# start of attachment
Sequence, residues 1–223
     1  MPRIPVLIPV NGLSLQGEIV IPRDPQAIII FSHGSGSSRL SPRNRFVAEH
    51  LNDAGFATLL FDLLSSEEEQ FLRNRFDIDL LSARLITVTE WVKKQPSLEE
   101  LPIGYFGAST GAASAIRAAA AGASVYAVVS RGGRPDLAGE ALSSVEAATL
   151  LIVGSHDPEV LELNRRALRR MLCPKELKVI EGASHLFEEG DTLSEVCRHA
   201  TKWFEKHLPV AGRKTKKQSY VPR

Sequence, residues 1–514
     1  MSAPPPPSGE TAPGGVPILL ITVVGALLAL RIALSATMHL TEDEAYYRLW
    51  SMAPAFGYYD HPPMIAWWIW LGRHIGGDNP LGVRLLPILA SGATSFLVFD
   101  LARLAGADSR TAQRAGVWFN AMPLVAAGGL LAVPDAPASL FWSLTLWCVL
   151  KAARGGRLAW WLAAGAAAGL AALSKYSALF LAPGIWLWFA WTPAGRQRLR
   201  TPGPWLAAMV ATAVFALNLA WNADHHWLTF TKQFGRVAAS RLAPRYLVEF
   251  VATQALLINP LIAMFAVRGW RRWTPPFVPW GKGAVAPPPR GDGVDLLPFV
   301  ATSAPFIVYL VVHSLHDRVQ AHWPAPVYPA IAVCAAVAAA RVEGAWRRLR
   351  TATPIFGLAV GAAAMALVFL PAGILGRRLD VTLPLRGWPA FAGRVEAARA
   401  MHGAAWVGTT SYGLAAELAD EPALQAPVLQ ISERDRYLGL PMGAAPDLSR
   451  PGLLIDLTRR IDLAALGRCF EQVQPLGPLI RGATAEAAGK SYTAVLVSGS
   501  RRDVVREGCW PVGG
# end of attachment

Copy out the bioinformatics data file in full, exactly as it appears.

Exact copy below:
Sequence, residues 1–223
     1  MPRIPVLIPV NGLSLQGEIV IPRDPQAIII FSHGSGSSRL SPRNRFVAEH
    51  LNDAGFATLL FDLLSSEEEQ FLRNRFDIDL LSARLITVTE WVKKQPSLEE
   101  LPIGYFGAST GAASAIRAAA AGASVYAVVS RGGRPDLAGE ALSSVEAATL
   151  LIVGSHDPEV LELNRRALRR MLCPKELKVI EGASHLFEEG DTLSEVCRHA
   201  TKWFEKHLPV AGRKTKKQSY VPR

Sequence, residues 1–514
     1  MSAPPPPSGE TAPGGVPILL ITVVGALLAL RIALSATMHL TEDEAYYRLW
    51  SMAPAFGYYD HPPMIAWWIW LGRHIGGDNP LGVRLLPILA SGATSFLVFD
   101  LARLAGADSR TAQRAGVWFN AMPLVAAGGL LAVPDAPASL FWSLTLWCVL
   151  KAARGGRLAW WLAAGAAAGL AALSKYSALF LAPGIWLWFA WTPAGRQRLR
   201  TPGPWLAAMV ATAVFALNLA WNADHHWLTF TKQFGRVAAS RLAPRYLVEF
   251  VATQALLINP LIAMFAVRGW RRWTPPFVPW GKGAVAPPPR GDGVDLLPFV
   301  ATSAPFIVYL VVHSLHDRVQ AHWPAPVYPA IAVCAAVAAA RVEGAWRRLR
   351  TATPIFGLAV GAAAMALVFL PAGILGRRLD VTLPLRGWPA FAGRVEAARA
   401  MHGAAWVGTT SYGLAAELAD EPALQAPVLQ ISERDRYLGL PMGAAPDLSR
   451  PGLLIDLTRR IDLAALGRCF EQVQPLGPLI RGATAEAAGK SYTAVLVSGS
   501  RRDVVREGCW PVGG